After visiting Glen Ivy RV Park, we continue north on Temescal Canyon Road and merge onto I-5 in search of Sprouts Farmers Market in Corona, another natural and organic grocery store near Trader Joe’s.
(Remember, our new door on the RV is being installed today and we need to kill time before the work is finished and we can pick it up.) It’s amazing all the places you can think of to drive to just because you are curious and have time!
Okay, so now we know… Now where do we go next?
All we know is that we don’t want to take any freeways and that we need to slowly mosey back to Giant RV. So we head to the airport in Ontario. It’s another option for flights besides John Wayne in Orange County. We abandon this exploration when all gps routes lead to the freeway. I can’t even find the airport on our paper map.
As I look at the map, however, I find back roads weaving back to Highway 74 and Lake Elsinore. Then I discover that these roads intersect with the California Citrus State Historic Park. With the help of Google, I learn that this park in Riverside is a working citrus grove preserving California’s agricultural legacy… juicy, sun-kissed oranges. And off we go!
A replica of an old-fashioned fruit stand on the corner of Van Buren Boulevard and Dufferin Avenue leads to the entrance to the citrus park.
Only 2 roads are accessible to cars. The remainder of the park consists of visitor trails and working citrus groves with no public access.
We head to the Visitor Center/Museum. The parking lot is deserted.
And when I approach the Visitor Center door, I discover it is locked even though I see uniformed park volunteers inside.
One of them comes to the door to explain that the center is only open on Fridays, Saturdays, and Sundays. Today, a school group has scheduled a tour, hence their presence. They are cleaning up and getting ready to lock up and leave. I collect a brochure and a tip to be sure and take the ascending trail behind the Visitor Center to view the groves and snow-capped mountains.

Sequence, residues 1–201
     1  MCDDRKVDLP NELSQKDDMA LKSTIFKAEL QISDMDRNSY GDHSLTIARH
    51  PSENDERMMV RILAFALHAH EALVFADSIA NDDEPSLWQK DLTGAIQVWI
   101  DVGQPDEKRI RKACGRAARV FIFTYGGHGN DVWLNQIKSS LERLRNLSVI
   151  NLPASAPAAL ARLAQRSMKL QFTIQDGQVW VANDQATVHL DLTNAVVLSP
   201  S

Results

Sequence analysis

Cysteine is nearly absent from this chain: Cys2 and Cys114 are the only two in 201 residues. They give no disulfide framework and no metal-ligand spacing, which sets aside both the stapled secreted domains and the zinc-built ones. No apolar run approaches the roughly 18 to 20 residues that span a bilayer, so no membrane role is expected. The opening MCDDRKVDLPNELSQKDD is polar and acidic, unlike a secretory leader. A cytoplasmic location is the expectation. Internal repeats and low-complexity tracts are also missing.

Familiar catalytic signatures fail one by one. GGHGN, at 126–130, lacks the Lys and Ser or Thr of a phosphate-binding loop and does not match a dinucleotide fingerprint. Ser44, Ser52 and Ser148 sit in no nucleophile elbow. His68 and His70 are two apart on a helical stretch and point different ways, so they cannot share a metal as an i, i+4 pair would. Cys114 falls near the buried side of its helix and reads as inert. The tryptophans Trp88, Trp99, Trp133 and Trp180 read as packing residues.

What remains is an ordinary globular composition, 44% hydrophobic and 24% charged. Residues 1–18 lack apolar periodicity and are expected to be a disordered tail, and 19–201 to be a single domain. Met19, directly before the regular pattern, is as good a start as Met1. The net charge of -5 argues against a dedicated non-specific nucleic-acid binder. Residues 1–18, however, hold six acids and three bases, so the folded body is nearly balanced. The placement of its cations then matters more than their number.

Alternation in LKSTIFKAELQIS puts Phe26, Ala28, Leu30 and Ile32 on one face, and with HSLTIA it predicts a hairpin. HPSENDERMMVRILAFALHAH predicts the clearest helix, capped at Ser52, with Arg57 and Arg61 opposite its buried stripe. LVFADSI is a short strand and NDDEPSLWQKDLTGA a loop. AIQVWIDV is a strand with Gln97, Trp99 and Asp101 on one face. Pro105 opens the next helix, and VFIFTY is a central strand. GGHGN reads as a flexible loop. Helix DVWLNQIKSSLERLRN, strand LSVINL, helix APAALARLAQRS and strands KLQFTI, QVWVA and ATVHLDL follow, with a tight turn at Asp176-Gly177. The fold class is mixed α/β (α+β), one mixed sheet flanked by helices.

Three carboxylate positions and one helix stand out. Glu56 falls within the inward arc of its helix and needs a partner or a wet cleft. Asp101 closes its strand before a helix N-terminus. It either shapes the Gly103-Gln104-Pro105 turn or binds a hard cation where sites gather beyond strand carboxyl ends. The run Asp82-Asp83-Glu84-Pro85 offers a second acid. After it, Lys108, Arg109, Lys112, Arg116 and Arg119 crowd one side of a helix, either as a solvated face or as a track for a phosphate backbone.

So, up we go…
The parking and entrance fees are on the honor system and we are one of two cars in the lot.
But Jeff and I gladly spend $13 to support the mission of California State Parks:
to provide for the health, inspiration and education of the people of California by helping to preserve the state’s extraordinary biological diversity, protecting its most valued natural and cultural resources, and creating opportunities for high-quality outdoor education.
…and we are glad we did.
Sunny, cloudless blue skies are the perfect background for viewing the San Antonio Mountains.
And just as beautiful is the view of the citrus groves with Mt. San Gorgonio in the backdrop.
The trail smells heavenly with whiffs of earthy citrus.
The trails consist of pavement and dirt. Some are lined with palm trees.
Others include antique machinery.
So, while our dogs, Casey and Murph, take a break, let me fill you in with a little history of California’s citrus groves.
The Empire of the Orange
In the late 1800s a kind of second gold rush took place in Southern California as citrus groves spread across Riverside, San Bernardino, Orange, Los Angeles, and Ventura counties into the Central Valley.
It all began in 1803 when the missionaries of San Gabriel first planted some Mediterranean citrus trees. Kentuckian William Wolfskill planted more seedlings in 1841. By the late 1800s lemon, lime, and orange trees grew in today’s downtown Los Angeles.
In 1873, Eliza Tibetan of Riverside planted 2 orange trees that she obtained from the U.S. Department of Agriculture. Called the Washington navel, this Brazilian fruit was sweeter, seedless, and easily peeled. It’s thick skin also protected it during shipping. Today nearly all Washington navel orange trees are descendants from Eliza’s 2 original trees. (California Citrus State Historic Park brochure and plaques at Visitor Center)
After our government took away their ancient tribal lands, many Native Americans worked in the citrus groves until prejudice and discrimination drove them out of work.
In the late 1800s Chinese workers replaced the Native Californians until the Chinese Exclusion Act of 1882 sent them off too.
Japanese immigrants filled the worker void from 1900 through 1920 until anti-immigrant sentiments eventually squeezed them out.
Around 1919 Hispanic workers and their families started setting up communities near the citrus groves. By the mid-1940s this group made up nearly 2/3rds of the citrus labor force. The women worked in the packing houses while the men tended the groves.
In the early 1930s dust bowl refugees, migrating from the Great Plains and seeking relief from destitution, came looking for work in the citrus groves. (California Citrus State Historic Park brochure and plaques at Visitor Center)
California Citrus State Historic Park opened in 1993 as a living museum. The nearly 200 acres of groves are managed by the Friends of California Citrus Park, a non-profit group using all proceeds to fund facilities, programs, and maintenance. (park brochure)